Probation Officer-Probationer Relationships and their Effect on Compliance and Recidivism

Date

2019-05

Authors

Mueller, Kyle

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Abstract

The quality of the relationship between probationer and probation officer may be instrumental in determining a favorable or unfavorable probation outcome. This dissertation uses the Dual-Role Relationship Inventory Revised (DRI-R), which measures the nature of the probationer/probation officer relationship, in a cross-sectional survey to predict traditional probation outcome measures (i.e. violating the terms of probation without being caught, technical violation, and/or new arrest). The DRI-R has previously been validated through confirmatory factor analysis (CFA), but only on a population of probationers with a diagnosed mental illness. Other research has examined parolees’ relationship with their parole officer (PO), demonstrating the DRI-R’s effect on further arrests as evidence for the measure’s validity. However, there is a need to validate the DRI-R using a general probation sample. This dissertation will examine the 3-factor, 30-item DRI-R using a sample of probationers from three Texas counties. Prior research has examined general risk factors for probation failure (e.g. legal, socio-demographic, and other extra-legal variables) and this dissertation incorporates these factors as control variables, exploring how they affect the influence of the DRI-R on probationer outcomes. Furthermore, this study examines the individual DRI-R subscales—Trust, Caring/Fairness, and Toughness—to further estimate the predictive utility of the measure. Related to quality of the relationship, this study also evaluates the effects of race and gender concordance on probationer-PO relationships. This study will help probation departments understand how these relationships affect probationer compliance. Finally, this research contributes to current literature on race and gender concordance between probationers and their POs.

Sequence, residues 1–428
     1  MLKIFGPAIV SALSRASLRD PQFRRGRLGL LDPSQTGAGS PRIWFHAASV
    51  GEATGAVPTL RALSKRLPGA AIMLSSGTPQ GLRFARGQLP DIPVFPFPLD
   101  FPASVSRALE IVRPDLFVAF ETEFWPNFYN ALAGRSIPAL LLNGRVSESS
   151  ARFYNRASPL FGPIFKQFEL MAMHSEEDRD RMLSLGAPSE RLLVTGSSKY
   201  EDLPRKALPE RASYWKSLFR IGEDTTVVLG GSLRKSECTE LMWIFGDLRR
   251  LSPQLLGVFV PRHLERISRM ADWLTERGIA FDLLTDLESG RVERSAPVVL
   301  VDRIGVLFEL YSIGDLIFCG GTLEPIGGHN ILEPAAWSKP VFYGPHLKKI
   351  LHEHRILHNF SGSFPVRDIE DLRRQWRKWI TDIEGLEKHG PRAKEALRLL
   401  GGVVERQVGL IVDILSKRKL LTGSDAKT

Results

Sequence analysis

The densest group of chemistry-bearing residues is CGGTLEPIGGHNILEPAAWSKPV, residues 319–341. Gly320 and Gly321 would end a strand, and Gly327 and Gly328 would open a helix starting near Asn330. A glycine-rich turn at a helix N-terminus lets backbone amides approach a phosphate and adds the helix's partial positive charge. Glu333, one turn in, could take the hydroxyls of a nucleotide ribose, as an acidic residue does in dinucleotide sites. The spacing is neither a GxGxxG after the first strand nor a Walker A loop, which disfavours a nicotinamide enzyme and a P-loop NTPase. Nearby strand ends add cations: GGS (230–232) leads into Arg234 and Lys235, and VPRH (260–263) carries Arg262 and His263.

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Keywords

Probation, Interpersonal procedural justice

Citation

Mueller, K. (2019). <i>Probation officer-probationer relationships and their effect on compliance and recidivism</i> (Unpublished dissertation). Texas State University, San Marcos, Texas.

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